Kimball Art Center listed at ‘easily supportable’ $8 million |

Kimball Art Center listed at ‘easily supportable’ $8 million

The Kimball Art Center was put on the market on Wednesday with an asking price of $8 million, a listing that will almost certainly generate professional interest among the real estate community and curiosity from rank-and-file Parkites.

Jan Wilking, an agent with Berkshire Hathaway HomeServices, listed the property. It is among the most notable listings along Main Street in years given its status as an important historic building and the home of a top-tier Park City not-for-profit organization.

The Kimball Art Center signaled its intention to put the property on the market recently as a result of City Hall rejecting the organization’s designs for an expansion onto the space where a patio is now located at the corner of Main Street and Heber Avenue. Park City officials determined the designs did not fit the municipal government’s strict Old Town guidelines.

"That’s, I think, a number that is easily supportable," Wilking said about the asking price, noting the Kimball Art Center building’s 12,647 square feet, the development prospects of the patio and the 133 feet of Main Street frontage.

He said he had received approximately 10 inquiries from agents representing potential buyers from Park City and elsewhere in the U.S. he is "very happy with the interest we’ve received."

"Several of the people are aware or have a good idea of what they can do with the building," he said

Wilking hopes to have the property under contract by the end of October with the possibility of a deal closing by the end of the year.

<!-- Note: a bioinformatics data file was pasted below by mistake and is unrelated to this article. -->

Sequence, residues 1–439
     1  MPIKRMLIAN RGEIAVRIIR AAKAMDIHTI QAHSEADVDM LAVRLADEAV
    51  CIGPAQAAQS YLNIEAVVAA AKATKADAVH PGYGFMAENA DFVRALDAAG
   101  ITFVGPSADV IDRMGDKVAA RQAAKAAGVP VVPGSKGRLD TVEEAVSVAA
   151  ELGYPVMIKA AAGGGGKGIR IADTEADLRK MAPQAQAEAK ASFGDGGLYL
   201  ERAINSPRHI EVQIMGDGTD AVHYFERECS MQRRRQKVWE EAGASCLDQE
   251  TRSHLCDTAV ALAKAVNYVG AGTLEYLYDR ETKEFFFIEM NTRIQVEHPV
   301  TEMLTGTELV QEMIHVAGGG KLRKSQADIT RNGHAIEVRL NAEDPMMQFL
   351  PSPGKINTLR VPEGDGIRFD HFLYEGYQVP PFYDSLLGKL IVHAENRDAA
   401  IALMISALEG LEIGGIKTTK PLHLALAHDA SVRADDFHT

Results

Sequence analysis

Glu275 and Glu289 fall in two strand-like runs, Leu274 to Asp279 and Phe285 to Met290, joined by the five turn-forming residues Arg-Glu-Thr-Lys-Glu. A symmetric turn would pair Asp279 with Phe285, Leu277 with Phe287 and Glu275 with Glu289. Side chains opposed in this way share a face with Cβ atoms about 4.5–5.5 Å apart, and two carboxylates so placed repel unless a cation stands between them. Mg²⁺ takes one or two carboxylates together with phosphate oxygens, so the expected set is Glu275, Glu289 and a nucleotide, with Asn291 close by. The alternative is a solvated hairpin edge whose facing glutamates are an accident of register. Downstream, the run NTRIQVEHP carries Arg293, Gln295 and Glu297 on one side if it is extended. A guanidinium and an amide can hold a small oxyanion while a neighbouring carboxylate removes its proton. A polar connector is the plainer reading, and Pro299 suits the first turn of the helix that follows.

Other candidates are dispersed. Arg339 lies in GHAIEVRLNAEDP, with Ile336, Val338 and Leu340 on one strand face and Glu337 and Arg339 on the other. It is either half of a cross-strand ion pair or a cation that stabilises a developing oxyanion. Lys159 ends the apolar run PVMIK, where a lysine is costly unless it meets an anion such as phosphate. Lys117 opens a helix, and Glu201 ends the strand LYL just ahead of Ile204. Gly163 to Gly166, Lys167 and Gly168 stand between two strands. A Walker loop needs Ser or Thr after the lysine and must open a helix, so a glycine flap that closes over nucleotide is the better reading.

The Kimball Art Center leadership declined to comment about the listing.

The Park City Planning Department has received recent inquiries about zoning rules at the Kimball Art Center site. Kayla Sintz, the planning manager, said the department has fielded eight phone calls.

"What zone is it in? What can you do there? What is the height limitation?" Sintz said in describing the inquiries, calling them "really basic questions."

Sintz said the phone calls have been similar to those the department receives when other properties are on the market.

A deal for the Kimball Art Center would continue a dramatic realignment of ownership along Main Street in recent years. There has been a string of ownership changes since the depths of the recession involving well-known properties and ones that are less prominent. They have included the building once known as the Main Street Mall, the Imperial Hotel, the Star Hotel and the Silver Queen Hotel. The new owners have undertaken major renovations at some of the properties in what has been among the largest private sector infusions of capital into Main Street.

It seems almost certain the person or firm that acquires the Kimball Art Center will pursue a redevelopment of the property, adding to the investment along Main Street.

The Kimball Art Center leadership wanted to pursue an expansion at the site to create more space for exhibitions and programs. The organization plans to move to a new location. Options have not been publicized.

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